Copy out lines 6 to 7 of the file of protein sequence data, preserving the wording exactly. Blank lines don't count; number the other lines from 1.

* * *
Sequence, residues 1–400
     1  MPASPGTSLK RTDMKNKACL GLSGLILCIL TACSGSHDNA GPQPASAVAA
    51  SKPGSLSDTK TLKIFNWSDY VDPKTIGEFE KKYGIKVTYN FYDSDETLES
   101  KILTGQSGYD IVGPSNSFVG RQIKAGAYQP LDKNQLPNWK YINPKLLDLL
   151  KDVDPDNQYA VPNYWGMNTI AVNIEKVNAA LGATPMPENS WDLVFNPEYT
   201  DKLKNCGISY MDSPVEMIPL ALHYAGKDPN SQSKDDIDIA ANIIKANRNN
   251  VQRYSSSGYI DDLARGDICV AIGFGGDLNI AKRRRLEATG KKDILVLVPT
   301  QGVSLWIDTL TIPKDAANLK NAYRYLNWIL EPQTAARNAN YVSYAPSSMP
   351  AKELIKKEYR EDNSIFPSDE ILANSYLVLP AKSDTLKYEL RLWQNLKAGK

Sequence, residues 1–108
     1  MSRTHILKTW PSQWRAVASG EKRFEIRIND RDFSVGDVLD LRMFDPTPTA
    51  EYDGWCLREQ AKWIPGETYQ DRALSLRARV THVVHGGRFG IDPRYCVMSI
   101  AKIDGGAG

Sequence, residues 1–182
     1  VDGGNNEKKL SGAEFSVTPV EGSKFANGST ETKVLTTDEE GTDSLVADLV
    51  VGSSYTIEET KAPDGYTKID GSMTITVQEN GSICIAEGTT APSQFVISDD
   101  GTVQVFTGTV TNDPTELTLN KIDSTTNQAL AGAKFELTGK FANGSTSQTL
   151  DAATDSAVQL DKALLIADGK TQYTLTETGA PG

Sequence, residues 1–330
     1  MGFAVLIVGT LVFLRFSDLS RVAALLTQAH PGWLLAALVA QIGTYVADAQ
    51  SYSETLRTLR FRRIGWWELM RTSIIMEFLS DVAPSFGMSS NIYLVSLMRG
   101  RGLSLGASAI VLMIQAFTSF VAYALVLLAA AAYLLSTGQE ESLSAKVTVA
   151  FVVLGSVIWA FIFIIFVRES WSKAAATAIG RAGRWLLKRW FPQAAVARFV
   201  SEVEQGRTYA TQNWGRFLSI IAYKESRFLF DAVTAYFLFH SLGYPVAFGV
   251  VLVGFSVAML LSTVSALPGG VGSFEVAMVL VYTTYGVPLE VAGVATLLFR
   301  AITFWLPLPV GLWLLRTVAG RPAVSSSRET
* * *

   201  DKLKNCGISY MDSPVEMIPL ALHYAGKDPN SQSKDDIDIA ANIIKANRNN
   251  VQRYSSSGYI DDLARGDICV AIGFGGDLNI AKRRRLEATG KKDILVLVPT